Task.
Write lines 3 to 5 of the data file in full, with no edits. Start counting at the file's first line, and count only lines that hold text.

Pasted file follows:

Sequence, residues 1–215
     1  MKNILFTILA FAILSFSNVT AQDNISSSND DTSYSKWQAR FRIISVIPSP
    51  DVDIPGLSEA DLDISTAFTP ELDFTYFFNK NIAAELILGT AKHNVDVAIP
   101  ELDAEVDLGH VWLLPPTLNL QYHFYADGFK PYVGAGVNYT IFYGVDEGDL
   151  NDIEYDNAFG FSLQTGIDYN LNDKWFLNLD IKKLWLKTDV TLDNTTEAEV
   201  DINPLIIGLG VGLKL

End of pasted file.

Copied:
    51  DVDIPGLSEA DLDISTAFTP ELDFTYFFNK NIAAELILGT AKHNVDVAIP
   101  ELDAEVDLGH VWLLPPTLNL QYHFYADGFK PYVGAGVNYT IFYGVDEGDL
   151  NDIEYDNAFG FSLQTGIDYN LNDKWFLNLD IKKLWLKTDV TLDNTTEAEV